I am thrilled to share the news that my latest novel is heading to the formatter! And here is the gorgeous cover.
This is my fifteenth novel. That seems almost impossible. What a journey this has been. I love this story. It’s set in 1983/84, an era that was so formative for me.
Here’s the blurb:
Henrietta Cochran has spent nearly forty years dealing with the effects of the polio she contracted in 1945. Her braces and crutches restrict her, define her, but they also give her independence. Almost. She hates that she has become increasingly reliant on a series of live-in companions to help her. For some reason, the companions never seem to want to stay very long. So Henrietta retreats further and further into her art, where her physical limitations don’t matter.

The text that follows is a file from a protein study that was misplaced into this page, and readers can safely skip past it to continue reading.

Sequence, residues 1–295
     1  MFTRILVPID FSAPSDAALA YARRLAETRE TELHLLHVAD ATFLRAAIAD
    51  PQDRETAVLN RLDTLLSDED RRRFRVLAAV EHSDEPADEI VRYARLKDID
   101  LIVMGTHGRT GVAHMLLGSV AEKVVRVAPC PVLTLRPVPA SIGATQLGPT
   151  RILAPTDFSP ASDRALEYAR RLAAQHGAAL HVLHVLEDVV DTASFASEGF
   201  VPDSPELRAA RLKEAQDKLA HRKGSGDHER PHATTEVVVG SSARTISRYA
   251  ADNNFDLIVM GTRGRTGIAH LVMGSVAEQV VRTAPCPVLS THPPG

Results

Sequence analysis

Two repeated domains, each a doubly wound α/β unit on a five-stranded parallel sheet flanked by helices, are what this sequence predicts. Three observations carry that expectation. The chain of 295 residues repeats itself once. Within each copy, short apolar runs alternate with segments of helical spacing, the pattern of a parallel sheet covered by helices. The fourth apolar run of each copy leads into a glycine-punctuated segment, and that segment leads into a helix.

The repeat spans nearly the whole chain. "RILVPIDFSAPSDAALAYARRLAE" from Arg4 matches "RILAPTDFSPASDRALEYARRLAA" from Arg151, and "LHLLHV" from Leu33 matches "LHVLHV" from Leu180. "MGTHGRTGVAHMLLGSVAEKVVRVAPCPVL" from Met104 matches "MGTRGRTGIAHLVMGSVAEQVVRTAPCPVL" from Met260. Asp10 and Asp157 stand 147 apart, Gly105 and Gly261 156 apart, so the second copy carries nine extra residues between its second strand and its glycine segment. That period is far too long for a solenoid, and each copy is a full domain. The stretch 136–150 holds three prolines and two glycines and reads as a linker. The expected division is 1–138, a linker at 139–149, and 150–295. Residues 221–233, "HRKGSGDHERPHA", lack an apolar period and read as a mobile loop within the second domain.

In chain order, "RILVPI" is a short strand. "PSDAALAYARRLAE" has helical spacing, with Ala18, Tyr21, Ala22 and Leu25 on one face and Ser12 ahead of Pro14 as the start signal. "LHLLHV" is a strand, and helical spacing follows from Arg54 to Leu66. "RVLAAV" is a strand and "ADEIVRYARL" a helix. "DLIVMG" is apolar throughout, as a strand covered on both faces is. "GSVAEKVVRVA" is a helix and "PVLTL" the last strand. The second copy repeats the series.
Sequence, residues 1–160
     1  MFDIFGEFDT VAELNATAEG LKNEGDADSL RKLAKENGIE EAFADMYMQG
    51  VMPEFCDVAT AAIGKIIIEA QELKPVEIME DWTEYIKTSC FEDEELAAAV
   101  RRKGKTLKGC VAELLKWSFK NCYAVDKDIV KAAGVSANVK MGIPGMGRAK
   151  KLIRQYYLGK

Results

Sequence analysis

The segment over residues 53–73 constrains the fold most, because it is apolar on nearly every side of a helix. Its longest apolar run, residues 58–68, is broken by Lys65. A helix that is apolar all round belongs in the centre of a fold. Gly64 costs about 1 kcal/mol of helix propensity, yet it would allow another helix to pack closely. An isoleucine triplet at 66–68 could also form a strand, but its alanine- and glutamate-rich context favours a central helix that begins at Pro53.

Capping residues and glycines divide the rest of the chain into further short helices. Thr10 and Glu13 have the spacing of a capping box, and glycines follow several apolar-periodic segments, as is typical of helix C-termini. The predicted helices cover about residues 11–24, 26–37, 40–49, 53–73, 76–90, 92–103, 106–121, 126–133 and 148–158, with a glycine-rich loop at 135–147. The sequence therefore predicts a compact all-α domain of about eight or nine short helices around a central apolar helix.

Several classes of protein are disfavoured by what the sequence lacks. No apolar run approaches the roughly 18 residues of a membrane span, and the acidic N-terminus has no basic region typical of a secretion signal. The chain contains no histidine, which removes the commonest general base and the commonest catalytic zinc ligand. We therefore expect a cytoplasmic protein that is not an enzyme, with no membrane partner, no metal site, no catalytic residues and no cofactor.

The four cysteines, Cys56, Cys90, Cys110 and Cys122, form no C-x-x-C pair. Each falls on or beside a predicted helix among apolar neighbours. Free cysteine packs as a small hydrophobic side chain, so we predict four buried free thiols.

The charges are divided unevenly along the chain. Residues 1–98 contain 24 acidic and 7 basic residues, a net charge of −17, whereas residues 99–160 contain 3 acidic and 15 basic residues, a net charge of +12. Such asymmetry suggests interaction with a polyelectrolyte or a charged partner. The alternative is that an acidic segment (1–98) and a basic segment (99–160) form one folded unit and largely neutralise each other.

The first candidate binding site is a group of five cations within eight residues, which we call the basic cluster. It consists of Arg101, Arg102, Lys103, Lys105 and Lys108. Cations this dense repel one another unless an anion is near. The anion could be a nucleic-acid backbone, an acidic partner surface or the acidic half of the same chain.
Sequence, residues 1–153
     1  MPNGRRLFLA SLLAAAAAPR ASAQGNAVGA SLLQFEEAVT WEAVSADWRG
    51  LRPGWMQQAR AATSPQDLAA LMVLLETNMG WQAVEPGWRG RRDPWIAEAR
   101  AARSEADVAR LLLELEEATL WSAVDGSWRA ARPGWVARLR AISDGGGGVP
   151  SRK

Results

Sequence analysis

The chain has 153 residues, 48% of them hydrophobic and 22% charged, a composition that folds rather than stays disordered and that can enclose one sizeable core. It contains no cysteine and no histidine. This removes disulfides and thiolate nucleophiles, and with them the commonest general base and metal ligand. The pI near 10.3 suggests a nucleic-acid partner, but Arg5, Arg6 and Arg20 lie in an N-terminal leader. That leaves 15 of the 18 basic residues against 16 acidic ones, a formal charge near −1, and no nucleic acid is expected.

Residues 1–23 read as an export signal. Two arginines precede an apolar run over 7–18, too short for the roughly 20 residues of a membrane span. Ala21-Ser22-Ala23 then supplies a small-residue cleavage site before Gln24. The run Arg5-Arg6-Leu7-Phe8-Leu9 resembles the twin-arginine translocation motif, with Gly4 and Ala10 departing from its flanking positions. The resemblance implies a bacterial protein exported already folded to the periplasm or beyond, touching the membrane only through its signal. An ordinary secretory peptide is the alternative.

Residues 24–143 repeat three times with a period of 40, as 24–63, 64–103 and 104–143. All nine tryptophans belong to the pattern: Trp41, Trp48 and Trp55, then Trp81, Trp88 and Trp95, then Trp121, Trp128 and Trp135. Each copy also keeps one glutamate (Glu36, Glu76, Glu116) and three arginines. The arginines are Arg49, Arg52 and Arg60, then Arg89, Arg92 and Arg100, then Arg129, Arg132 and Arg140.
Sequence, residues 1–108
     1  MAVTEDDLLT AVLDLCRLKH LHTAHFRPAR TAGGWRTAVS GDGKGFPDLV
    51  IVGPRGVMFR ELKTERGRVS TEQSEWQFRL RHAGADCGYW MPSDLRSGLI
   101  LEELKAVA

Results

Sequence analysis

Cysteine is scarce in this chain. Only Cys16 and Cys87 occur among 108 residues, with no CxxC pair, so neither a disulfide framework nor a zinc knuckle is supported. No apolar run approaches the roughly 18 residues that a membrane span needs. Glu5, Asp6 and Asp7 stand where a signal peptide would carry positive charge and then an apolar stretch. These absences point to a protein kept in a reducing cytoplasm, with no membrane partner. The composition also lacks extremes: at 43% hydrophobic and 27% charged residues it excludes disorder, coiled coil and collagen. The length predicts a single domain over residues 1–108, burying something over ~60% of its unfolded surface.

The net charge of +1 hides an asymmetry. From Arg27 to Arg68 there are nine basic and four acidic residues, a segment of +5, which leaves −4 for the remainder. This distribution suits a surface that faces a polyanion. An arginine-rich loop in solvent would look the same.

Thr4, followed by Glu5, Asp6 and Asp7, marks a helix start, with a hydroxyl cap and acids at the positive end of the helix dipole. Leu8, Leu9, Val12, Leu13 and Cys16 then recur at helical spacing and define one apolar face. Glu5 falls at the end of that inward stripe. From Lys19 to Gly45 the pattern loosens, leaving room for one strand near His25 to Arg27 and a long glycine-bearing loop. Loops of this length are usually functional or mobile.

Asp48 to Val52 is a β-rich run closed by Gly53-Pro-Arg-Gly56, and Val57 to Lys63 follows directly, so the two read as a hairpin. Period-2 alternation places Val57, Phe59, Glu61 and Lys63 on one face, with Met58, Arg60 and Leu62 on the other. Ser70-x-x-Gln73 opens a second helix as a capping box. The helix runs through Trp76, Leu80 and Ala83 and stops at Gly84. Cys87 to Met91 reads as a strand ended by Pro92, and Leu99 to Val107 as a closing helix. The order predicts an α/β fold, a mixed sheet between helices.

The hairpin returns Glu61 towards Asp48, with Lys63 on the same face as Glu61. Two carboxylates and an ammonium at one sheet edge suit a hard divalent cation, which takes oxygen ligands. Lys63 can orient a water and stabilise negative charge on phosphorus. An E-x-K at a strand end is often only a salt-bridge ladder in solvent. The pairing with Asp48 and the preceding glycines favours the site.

Into her life sails Meryn Fleming: out, outspoken, and fiercely political. She’s young, enthusiastically diving into her first job as a history professor at the local college. When she falls, almost literally, into Henrietta’s path, she seems like a godsend.
Little does Henrietta know that this young woman is about to upend her carefully structured existence. Ryn challenges everything, barging right through the walls Henrietta has built to keep others at a distance.
To Ryn, Henrietta is an enigma: prickly and easily insulted at the slightest suggestion that she can’t do things for herself; a brilliant artist capable of producing the most beautiful paintings; and sometimes, when Henrietta doesn’t realize she’s letting her guard down, a tender and sensitive woman.
With Meryn’s youthful optimism pitted against Henrietta’s jaded acceptance of the world as it is, life will never be the same for either of them.